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What is it like to live with dialysis?

man_patient

Image courtesy of Clem Onojeghuo at Pexels.com

In the United States at least 217,000 patients need to live with dialysis. This represents national costs for over $11 billion dollars every year. This procedure needs to take place when the kidneys are unable to filter fluids and their full capacity is lost. Sometimes, patients who need to live with dialysis have to do so because they were born with a kidney condition and they cannot afford a kidney transplant.

Statistically speaking, this is a dramatic situation for thousands of people in the United States. However, most patients seem to believe that dialysis is not such a terrible thing and they have adapted to a “new normal life”. But, what does it means to live with dialysis? In this article, Joe Cosgrove will share some details related to the way patients learn to have regular lives while they depend on dialysis to survive.

The Experience

First of all, when a patient decides that it is time to go under dialysis treatment it is because its kidneys are not able to do their job. This means that dialysis becomes the only alternative to survive. Keeping this in mind makes it easier and more motivating to people who need to go under treatment.

During a regular dialysis routine, the patient needs to come to the dialysis clinic and meet the nurse at the counter. Papers and forms will be filled out and a short checkup will take place. Since most patients have done this a thousand times, the process usually doesn’t take long.

After the checkup, the patient settles into one of the comfortable recliners inside the room where the process usually takes place. The patient may be the only one in the room or not, depending on the day and time it decides to go and get the treatment.

After settling, the patient will need to prop its left arm, allowing the technician to slip a couple needles into its blood vessels (close to the wrist). One of the needles is in charge of removing the blood and the other one is in charge of taking it back to the body. These needles are attached to plastic tubes that at the same time are connected to the dialysis machine.

For the next three hours, the needles will do their job and the patient’s blood will be filtered. All this is possible thanks to the dialysis machine that stands still next to the patient’s recliner. Most patients bring a book or spend this time watching a movie or a TV show on Netflix. Sometimes, this is even the perfect moment to take a nap.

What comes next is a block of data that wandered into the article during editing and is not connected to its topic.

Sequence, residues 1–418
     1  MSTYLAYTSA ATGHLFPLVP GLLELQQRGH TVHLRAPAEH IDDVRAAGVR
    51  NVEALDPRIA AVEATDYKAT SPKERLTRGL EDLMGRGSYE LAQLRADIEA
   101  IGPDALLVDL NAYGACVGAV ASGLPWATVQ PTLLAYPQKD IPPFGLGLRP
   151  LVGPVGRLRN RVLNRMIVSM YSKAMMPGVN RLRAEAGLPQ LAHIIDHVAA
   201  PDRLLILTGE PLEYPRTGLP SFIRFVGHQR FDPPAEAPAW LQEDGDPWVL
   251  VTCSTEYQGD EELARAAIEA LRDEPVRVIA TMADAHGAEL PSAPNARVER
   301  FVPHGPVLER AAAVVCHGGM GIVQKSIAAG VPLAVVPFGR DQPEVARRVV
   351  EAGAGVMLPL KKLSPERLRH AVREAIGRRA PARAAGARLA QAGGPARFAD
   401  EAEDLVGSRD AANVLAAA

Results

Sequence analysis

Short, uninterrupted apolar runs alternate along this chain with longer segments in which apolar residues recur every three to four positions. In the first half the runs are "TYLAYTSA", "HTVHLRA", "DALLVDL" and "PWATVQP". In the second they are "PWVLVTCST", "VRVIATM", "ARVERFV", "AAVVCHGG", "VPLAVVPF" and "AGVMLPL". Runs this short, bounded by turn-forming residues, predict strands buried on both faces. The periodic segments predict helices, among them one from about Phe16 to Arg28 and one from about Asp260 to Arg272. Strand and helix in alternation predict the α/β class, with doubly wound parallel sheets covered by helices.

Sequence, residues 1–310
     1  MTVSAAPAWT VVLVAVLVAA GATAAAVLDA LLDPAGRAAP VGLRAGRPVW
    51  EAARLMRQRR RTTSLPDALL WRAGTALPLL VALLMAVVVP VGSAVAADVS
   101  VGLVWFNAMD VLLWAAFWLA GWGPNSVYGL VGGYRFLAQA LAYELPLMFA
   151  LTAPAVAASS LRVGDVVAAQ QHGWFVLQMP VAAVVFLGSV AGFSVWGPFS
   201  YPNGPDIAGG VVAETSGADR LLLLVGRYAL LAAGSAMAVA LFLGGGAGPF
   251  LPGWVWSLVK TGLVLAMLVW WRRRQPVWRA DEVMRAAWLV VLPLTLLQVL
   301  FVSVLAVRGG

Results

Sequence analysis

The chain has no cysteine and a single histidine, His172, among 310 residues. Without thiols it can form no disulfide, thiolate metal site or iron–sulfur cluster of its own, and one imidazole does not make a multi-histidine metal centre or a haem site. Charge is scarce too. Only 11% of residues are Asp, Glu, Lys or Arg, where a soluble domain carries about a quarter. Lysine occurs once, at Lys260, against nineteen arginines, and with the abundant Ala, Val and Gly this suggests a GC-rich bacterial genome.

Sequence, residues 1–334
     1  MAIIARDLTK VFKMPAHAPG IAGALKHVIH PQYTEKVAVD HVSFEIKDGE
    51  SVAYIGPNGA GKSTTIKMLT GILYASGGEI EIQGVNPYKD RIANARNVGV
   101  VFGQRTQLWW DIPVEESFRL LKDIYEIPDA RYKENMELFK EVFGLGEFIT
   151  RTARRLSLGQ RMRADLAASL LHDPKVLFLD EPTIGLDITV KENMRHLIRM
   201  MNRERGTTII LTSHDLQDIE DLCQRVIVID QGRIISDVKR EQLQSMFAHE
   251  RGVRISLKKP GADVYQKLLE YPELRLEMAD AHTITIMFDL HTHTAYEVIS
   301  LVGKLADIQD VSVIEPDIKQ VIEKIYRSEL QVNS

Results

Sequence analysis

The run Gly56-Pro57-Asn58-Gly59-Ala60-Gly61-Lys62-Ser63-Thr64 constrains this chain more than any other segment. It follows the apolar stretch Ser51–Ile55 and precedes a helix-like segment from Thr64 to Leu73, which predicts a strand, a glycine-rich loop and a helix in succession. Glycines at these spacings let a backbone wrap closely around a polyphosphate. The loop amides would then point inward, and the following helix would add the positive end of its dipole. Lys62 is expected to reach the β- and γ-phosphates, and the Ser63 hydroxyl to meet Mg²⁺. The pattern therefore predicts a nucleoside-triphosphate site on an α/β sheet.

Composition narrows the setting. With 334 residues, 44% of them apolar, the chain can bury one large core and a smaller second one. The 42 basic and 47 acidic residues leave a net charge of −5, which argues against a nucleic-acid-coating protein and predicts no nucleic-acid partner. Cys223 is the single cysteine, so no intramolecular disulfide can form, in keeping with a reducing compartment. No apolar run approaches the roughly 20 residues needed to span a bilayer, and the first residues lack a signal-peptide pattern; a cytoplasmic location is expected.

Besides from the initial moment of the procedure, when the needles need to be stuck on your veins, the dialysis process doesn’t hurt. Sometimes patients may feel dazed and their blood pressure can drop. But, other than that, the process takes place in a comfortable way.

blood-pressure-pressure-gauge-medical-the-test

Image courtesy of Pixabay at Pexels.com

Living with dialysis is supposed to make things easier for patients with End Stage Renal Disease (ESRD). However, the mortality rates in the United States remain to be considerably high compared to those in Japan or Europe since many patients choose to skip the procedure or don’t accept it to last for too many hours.

Related: How To Make The Most Out Of Your Time On Dialysis

How Dialysis Works

The best way to describe the dialysis process is as an artificial kidney. This means that dialysis should be able to do what your kidneys cannot do anymore. There are two different forms of dialysis: hemodialysis and peritoneal dialysis. At least 90% of the patients in the United States who live with dialysis choose to go under the hemodialysis treatment. This is the procedure that was described in the experience above.

When patients live with hemodialysis, their blood needs to be circulated outside of the body with the help of a hemodialysis device. This device cleanses the blood and then returns it back to the body of the patient.

Not everyone is a right candidate to get hemodialysis. This is why every patient needs to have the doctor’s approval before having an entrance or access (a minor surgery on the leg, arm or neck to access the blood vessels). This access is called fistula and the patient will need to keep it clean and usable for as long as it needs to go under dialysis treatment.

The fistula is something dialysis patients need to learn how to live with since it is the only way doctors have to access the blood in a fast and effective way. Fistulas are joints between arteries and veins located under the skin that form a larger vessel where needles are inserted.

When patients don’t need to live with dialysis and only go under a temporary treatment, they can get a catheter on their neck and there is no need for them to go under this minor surgery. In the case of the fistula, the wound needs to heal before the dialysis treatment takes place. However, in case patients use a catheter, they can go under the dialysis treatment right away and the procedure is slightly different.

Everything You Need to Know About Pediatric Dialysis